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HART holds anti-rabies vaccination mobile clinics all across Nepal. HART's goal is to vaccinate over 70% of the dog population. This is the level at which statistics determine that the rabies risk to humans becomes minimal. This high level of vaccination coverage is achieved by walking through each ward injecting all the un-immunized animals found. Each jab is recorded in HART's purpose-written mobile phone app. The ward is revisited until the statistics indicate that a minimum of 70% of dogs are vaccinated. The anti-rabies vaccination mobile vaccination clinics are repeated annually and are quite an expensive and time-consuming program.

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HART regularly distributes leaflets on the avoidance of dog bites and rabies information at schools and public events. Basic pet care and respect for animals is also taught to school children in educational programs. HART staff frequently appear at municipal functions to improve public awareness on the humane treatment of animals and the long-term benefits of their sterilization program.

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After the 2012 earthquakes in Nepal HART traveled to the hardest hit region, Sindhupalchowk. The HART team hosted a group of veterinarians from Australia to treat livestock injured in the disaster.  Many livestock animals had been injured suffering everything from broken backs to minor scratches.

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This year the HART team was invited to return to the Everest region to conduct anti-rabies and neutering clinics. That's a long, long way from their home base here in Pokhara. The net, the autoclave, the entire mobile surgery, and a lot of anti-rabies vaccines had to be hauled by human, donkey, and yak up there. Over a hundred dogs were neutered and several vaccinated.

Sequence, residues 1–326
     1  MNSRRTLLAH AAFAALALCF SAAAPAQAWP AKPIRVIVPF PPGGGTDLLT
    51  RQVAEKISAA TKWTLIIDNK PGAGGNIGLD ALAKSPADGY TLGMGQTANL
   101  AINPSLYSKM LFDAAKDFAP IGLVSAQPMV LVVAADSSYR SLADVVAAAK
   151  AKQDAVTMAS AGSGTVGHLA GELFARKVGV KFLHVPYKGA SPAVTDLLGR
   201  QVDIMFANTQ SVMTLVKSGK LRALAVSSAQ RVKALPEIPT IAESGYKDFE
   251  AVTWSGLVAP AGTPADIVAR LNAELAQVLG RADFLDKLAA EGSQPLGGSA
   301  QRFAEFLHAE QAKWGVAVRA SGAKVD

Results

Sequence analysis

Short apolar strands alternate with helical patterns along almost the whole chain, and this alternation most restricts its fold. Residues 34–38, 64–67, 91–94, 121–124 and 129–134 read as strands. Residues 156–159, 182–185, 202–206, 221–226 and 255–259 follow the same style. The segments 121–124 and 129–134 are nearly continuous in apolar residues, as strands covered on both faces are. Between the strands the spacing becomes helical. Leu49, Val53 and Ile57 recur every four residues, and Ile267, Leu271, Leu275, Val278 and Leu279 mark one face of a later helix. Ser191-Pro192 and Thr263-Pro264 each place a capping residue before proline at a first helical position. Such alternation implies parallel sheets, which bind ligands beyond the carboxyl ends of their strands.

Our beloved kitty Baacha Khan had been feeling poorly, we had to wait for the HART team to return from their trip to the Everest region to take him to clinic. Above you can see him being weighed in on the left. On the right, he's receiving fluids subcutaneously and a blood is drawn for testing. We had to take the blood to a nearby hospital lab to be tested.

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While we were waiting for the results from the blood test I strolled about the open air clinic. As you can see by the sign behind the veterinary technician's head in the above photo the base clinic here in Pokhara is open from 9AM to 2PM daily. (That's only if the team isn't out and about on one of their mobile clinic and vaccination tours.) Having regular daily clinic hours is fairly new, a few years back they were always out about town catching, vaccinating, neutering, and releasing street dogs.

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The operating room for large animals (at least bigger than a cat) is also open air so I watched a dog's wounds being cleaned, debrided, and stitched closed.

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It was amazing to see so many Nepalis bringing their pets to the HART clinic. Pet ownership is fairly new in Nepal and a medical facility that treats pets is a new idea also. These women brought their pet dog to be seen at clinic. He's receiving fluids on a table in the fenced courtyard.

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Another concerned lady brought in a neighborhood street dog in for treatment that had a horrible case of mange. Street dogs often suffer severe skin infections and diseases here in Nepal.

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 A caring new pet owner also brought her healthy dog to clinic to be vaccinated.

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A concerned lady brought in this terribly emaciated pup from her neighborhood. Turns out he has a really bad case of gastritis and can't keep his food down very well.

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A cat! I have never seen anyone bring a cat to the HART clinic besides us. Poor kitty looks to be in bad shape and her owner was quite distraught. People kept bringing animals so they actually had to extend clinic hours that day.